<BlobCache location="C:\blobCache" path="\.(gif|jpg|png|css|js)$" maxSize="10" max-age="86400" enabled="false"/>

In the previous XML, notice the following:

  • location is the directory where the cached files will be stored.

  • path specifies in the form of a regular expression which files are cached based on the file name extension.

  • maxSize is the maximum allowable size of the disk-based cache in gigabytes (GBs).

  • max-age specifies the maximum amount of time in seconds that the client browser caches BLOBs downloaded to the client computer. This affects the cache metatag sent as part of the page header to the browser. This can have a large impact on the client-side performance, especially for slow connections. Most of the .js files and image files are downloaded and kept in the client cache and are not reloaded for the time specified in this property.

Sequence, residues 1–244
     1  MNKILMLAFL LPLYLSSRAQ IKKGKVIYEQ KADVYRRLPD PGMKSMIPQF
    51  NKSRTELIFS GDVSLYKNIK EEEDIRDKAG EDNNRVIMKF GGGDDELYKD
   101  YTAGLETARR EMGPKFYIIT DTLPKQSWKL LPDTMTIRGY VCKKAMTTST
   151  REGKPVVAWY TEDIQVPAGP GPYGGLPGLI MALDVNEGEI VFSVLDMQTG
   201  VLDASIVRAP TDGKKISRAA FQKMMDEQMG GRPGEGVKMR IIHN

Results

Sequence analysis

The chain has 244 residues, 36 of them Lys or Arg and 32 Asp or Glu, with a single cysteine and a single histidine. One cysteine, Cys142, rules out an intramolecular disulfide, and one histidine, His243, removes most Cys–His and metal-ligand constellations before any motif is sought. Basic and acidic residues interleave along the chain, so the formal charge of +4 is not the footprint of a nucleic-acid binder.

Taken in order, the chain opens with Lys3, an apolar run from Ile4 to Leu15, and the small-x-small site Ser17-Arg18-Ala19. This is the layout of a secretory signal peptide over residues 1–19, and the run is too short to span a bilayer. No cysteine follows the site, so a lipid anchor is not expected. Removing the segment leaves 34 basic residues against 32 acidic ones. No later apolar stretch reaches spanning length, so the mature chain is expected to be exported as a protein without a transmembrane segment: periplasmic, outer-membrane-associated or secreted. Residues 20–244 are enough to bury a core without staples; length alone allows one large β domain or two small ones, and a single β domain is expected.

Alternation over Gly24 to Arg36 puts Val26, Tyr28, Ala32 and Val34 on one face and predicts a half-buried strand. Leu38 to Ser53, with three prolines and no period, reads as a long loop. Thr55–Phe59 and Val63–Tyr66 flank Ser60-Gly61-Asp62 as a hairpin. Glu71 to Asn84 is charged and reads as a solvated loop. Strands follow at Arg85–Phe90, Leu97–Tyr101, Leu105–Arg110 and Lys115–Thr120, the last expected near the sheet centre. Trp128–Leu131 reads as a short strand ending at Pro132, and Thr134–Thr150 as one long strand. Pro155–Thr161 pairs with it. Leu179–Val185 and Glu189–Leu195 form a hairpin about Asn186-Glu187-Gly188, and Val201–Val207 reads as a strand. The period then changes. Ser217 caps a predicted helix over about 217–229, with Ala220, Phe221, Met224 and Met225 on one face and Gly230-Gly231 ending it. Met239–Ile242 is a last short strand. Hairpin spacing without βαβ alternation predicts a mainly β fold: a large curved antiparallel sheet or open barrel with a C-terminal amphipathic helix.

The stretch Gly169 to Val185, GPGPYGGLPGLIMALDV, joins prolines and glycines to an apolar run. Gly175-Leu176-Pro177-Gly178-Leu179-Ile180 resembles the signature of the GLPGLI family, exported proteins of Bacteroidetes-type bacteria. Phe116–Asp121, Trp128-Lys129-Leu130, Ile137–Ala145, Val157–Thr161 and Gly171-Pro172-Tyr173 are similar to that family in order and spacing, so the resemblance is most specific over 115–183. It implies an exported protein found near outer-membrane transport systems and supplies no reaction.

• enabled specifies a Boolean value that disables or enables the cache.

Disk-based caching reduces the downloading time of images, js files, and other assets on every request. The number of seconds specified in the max–age segment tells the browser to load the asset from the local cache and to not even check the server if the file has changed. The browser checks back file status only after the specified seconds pass and reloads the image if it finds a change.

Also, the Master Page gallery and Style Library do not work by default for anonymous users; for BLOB caching to work for these lists, you must go to these lists and explicitly switch on anonymous access for BLOB caching.

Object Cache